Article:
How to spot a Computer Virus in your Email Inbox and what to do

Nearly everyone with a working computer and an internet connection has some means of sending and receiving emails. However, a small group of individuals use it for unintended purposes such as sending viruses and basically causing havoc amongst people and their businesses.

 

We’ve recently come across customers working on both Apple and Windows who have received emails from people claiming to be people they know requesting personal information, or sending through an attached document like a pdf that once opened, would automatically download a virus and install itself somewhere on their system. The impact of this could result in the virus deleting emails, causing difficulty in receiving new emails and even sending out emails from their email address with the same link spreading the virus further on. One of the examples we have recently seen is a purchase order linked to a dropbox account attached to an email.

There’s not much about this in the press right now, but we would assume the person who made it has been working on this for a couple of years and recently sent it out on mass. When you open the email, it gets you to sign in which will instantly feedback passwords. It’s classed as a phishing email – the deadliest of its kind, having the potential to steal data, meaning it can get into shared company drives like your Dropbox, Shared Files / information and anything with a password that you have entered with the virus active. This is called a keylogger and is incredibly well made and difficult to detect because it doesn’t tend to show itself.

Here at Boosh we realise that said Viruses can be hugely damaging to you and your business and we think its important to show you how to identify a computer virus in your inbox and what you can do about it.

 

  1. Look closely at subject lines

For those of you who don’t know, a subject line is a summary of an email. If the wording here looks a little odd, its more than likely to be dodgy. Do also check the email address it comes from even if you recognise the name of the person on first view when the email comes through. Sometimes an email can appear to be from somebody you know, but once opened can actually be from a hacker.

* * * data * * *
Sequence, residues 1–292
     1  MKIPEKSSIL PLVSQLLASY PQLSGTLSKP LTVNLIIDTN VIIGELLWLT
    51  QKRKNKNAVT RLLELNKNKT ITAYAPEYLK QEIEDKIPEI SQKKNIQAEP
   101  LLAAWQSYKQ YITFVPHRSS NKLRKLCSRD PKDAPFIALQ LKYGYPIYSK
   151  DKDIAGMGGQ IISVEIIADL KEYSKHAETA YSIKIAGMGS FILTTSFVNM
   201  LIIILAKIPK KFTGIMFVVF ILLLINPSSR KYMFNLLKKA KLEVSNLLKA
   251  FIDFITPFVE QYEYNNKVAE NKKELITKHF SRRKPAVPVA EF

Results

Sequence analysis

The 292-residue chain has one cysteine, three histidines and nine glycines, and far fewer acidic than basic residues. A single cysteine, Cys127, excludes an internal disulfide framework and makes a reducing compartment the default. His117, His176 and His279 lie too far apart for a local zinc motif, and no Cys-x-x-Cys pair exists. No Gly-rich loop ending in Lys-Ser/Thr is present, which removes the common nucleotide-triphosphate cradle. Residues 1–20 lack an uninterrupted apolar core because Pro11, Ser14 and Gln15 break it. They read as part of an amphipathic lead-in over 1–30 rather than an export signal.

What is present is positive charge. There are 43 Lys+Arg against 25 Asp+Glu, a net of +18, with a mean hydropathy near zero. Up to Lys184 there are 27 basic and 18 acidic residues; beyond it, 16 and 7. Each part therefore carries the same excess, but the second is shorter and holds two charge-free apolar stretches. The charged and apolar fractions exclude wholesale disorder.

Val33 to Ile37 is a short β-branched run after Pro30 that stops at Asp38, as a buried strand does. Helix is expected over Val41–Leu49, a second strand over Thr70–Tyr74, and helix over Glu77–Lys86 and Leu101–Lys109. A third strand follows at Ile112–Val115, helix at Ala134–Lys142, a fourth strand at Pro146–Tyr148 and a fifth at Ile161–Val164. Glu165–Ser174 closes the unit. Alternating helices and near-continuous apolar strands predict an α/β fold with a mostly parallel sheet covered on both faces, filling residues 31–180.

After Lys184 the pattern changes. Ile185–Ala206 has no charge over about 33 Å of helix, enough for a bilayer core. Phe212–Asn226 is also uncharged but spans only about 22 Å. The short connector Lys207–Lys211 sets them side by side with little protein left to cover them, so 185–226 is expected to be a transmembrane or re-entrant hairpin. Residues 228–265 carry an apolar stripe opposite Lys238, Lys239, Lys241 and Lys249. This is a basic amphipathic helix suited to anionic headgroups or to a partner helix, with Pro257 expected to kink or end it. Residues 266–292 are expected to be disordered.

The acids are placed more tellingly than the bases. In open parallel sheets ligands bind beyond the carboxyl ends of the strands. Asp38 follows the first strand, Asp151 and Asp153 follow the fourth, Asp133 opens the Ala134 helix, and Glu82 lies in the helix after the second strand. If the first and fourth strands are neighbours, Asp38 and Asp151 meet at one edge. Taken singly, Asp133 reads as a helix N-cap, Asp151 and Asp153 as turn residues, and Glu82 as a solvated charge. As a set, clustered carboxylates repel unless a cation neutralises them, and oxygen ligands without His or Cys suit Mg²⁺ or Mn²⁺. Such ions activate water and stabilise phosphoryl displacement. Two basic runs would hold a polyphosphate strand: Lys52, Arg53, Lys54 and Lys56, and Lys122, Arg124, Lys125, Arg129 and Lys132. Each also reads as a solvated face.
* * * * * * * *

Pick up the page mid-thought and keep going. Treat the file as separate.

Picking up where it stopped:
1. Watch attached files

The majority of the time a file that is a virus has an .exe or .vbs file extension. (A file extension is a type of file.) Most hackers name a file followed by a file extension, followed by another file extension (blank.jpg.vbs) for example.

 

  1. Check the sender

If the sender is someone you don’t know or a company you’re not familiar with, the email more than likely contains a virus.

 

  1. Read the message

Even though it could be sent from someone you know, the message may leave you clueless about why it has been sent. (For example, the “here you have” email virus simply say’s “This is the Document I told you about you can find it here” followed by the virus download link. Upon reading, it will send itself to everyone in your address book with the victim as the sender) This is an obvious indication that the email contains a virus.

  1. Know that email viruses may pretend to be sent from an existing company

It’s really important to read each email thoroughly. An email may appear to be sent from a legitimate company, when really, it’s been sent from a hacker. (This is called a forging email) A key tip, is that it may contain several spelling / punctuation errors) Another indicator that the email contains a virus.

 

  1. Do not follow links unless necessary

Sometimes a virus is located on a website, rather than attached to an email. The hacker would require the victim to follow the link to a website in order for the virus to be downloaded. If not contacted/assured prior to receiving the email that the link is safe, DO NOT FOLLOW IT. If the worst should happen and you do open a link, change all passwords immediately. Make sure any passwords are strong and secure and do not have the same password for all your logins.

 

As a summary, here at Boosh, we’d advise you to never give out your email address to anyone you don’t trust, this will ensure spam and infected emails will stay at a minimum. If you are constantly receiving spam, you can download an anti-spam program or it may seem drastic but you could create a new email account to start afresh. It’s a good idea to have good anti-virus protection, on the off chance that you accidentally download a virus, it would automatically stop and delete it from your computer before it causes damage.